Whole organic milk contains a healthier balance of heart-healthy omega-6 and omega-3 fatty acids compared with conventionally produce milk, according to a new study, reported by The New York Times
The healthier fatty acid profile of organic milk is likely a result of cows foraging on grass, the researchers said.
The research, published in the Public Library of Science journal PLOS One, is one of the most definitive studies to find a clear health benefit to eating an organic food, compared to a conventionally product.
Drinking whole organic milk "will certainly lessen the risk factor for cardiovascular disease," said lead researcher Charles M. Benbrook, a professor at Washington State University.
"All milk is healthy and good for people," he told The Times, "but organic milk is better, because it has a more favorable balance of these fatty acids" — omega-3, typically found in fish and flaxseed, versus omega-6, which is abundant in many fried foods like potato chips.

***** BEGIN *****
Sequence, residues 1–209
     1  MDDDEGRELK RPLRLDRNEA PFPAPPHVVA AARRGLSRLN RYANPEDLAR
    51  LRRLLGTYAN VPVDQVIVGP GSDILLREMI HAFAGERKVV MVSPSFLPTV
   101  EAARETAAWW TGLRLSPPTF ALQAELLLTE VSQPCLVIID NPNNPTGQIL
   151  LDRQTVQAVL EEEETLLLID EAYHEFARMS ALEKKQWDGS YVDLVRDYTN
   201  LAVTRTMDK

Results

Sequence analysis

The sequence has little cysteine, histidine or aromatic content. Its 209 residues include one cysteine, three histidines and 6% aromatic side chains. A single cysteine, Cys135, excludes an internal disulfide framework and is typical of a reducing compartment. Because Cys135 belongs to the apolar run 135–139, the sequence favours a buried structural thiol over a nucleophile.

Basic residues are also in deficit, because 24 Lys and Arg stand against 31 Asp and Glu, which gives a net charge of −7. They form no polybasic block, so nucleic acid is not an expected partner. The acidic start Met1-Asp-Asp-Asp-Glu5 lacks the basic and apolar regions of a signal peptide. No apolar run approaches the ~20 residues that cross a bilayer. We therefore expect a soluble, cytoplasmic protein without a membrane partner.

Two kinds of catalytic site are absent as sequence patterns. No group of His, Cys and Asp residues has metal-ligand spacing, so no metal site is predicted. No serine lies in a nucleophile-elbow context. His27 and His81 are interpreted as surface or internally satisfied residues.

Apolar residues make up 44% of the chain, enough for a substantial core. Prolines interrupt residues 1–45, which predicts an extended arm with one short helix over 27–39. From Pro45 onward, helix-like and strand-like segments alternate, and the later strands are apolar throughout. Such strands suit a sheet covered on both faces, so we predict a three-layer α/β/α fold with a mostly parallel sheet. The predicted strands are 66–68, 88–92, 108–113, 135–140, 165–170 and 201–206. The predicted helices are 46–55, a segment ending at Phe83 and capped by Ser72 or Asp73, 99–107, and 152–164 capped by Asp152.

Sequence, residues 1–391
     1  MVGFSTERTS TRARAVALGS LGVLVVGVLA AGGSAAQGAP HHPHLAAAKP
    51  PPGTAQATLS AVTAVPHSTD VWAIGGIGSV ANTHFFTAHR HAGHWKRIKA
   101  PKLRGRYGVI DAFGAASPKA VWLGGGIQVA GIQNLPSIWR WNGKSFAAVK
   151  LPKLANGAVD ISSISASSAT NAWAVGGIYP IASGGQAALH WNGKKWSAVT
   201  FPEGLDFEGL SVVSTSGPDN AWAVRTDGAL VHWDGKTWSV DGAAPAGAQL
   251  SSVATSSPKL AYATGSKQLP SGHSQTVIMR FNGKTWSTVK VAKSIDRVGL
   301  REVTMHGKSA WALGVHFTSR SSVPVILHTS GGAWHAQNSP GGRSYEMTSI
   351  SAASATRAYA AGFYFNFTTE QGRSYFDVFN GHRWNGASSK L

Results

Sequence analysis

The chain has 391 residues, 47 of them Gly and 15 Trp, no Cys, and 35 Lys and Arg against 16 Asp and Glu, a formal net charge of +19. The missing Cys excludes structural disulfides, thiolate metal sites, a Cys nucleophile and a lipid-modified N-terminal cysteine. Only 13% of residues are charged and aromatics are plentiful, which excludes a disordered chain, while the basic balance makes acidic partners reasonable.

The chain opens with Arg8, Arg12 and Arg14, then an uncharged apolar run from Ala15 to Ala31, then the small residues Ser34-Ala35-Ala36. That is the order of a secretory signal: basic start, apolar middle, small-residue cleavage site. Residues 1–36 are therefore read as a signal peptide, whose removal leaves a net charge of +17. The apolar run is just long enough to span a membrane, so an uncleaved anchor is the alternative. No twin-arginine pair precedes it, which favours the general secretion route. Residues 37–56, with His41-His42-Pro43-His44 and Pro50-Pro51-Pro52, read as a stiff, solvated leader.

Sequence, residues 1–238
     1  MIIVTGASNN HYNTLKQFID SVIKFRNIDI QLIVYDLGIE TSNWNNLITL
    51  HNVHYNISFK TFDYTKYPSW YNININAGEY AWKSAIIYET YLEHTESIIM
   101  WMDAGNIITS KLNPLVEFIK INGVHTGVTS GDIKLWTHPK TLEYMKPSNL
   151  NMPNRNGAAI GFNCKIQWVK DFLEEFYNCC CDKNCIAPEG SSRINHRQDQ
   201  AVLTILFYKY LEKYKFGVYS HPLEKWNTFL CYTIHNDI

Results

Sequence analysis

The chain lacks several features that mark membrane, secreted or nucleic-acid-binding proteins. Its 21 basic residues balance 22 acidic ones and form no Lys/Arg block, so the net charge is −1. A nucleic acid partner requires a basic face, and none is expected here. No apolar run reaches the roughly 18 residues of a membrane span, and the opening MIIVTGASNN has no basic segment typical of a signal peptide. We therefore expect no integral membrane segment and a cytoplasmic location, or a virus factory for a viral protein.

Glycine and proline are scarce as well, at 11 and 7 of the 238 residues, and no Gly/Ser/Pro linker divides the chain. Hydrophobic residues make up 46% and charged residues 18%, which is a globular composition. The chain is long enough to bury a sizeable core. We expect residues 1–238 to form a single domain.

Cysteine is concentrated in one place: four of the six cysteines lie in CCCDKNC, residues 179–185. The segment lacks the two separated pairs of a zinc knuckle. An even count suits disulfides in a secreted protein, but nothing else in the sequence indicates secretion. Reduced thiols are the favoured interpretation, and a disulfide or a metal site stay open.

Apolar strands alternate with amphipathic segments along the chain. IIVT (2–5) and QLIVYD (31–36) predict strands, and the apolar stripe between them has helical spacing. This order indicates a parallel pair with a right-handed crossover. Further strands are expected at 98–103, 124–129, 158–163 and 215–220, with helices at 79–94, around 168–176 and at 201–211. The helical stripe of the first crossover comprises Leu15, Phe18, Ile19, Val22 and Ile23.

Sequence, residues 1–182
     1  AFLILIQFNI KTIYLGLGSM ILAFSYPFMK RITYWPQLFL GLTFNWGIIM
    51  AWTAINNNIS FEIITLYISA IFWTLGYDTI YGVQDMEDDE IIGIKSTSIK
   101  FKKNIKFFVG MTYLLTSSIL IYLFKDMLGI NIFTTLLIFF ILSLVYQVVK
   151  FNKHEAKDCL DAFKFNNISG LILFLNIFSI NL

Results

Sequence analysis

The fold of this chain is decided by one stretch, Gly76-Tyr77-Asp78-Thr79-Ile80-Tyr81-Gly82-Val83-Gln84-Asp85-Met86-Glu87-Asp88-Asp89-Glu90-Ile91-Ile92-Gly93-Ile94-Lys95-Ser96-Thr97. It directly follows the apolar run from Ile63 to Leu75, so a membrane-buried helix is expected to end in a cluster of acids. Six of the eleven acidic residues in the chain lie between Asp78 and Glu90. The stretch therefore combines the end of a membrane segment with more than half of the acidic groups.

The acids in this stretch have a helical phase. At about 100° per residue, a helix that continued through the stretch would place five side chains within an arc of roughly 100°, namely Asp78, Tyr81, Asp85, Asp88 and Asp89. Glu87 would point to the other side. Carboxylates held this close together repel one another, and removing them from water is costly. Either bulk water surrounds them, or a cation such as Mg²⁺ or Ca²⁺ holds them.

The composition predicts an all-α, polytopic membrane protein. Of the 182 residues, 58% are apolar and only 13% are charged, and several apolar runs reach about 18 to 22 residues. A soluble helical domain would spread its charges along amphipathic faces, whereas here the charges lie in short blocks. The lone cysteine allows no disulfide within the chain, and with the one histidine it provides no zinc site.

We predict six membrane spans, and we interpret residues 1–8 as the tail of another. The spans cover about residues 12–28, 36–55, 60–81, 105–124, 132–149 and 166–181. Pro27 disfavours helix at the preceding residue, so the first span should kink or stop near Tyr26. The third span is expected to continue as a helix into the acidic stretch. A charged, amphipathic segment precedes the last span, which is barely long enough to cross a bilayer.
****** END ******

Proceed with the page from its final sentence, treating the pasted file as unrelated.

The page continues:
Federal regulations on organic food labeling require dairy cows to spend a certain amount of the time in the pasture, eating grassy plants high in omega-3s. By contrast, conventional milk comes from cows that are mostly fed corn, which is high in omega-6s.
The research was largely funded by Organic Valley, a farm cooperative that sells organic dairy products. But experts not connected with the study said the findings were credible.
"I think this is a very good piece of work," Joseph Hibbeln, M.D., a nutritional neuroscientist at the National Institutes of Health, told The Times.
For the study, researchers looked at 384 samples of organic and conventional whole milk taken over 18 months around the country. Although the total amount of fat was almost the same, the organic milk contained 62 percent more omega-3 fatty acids and 25 percent fewer omega-6s.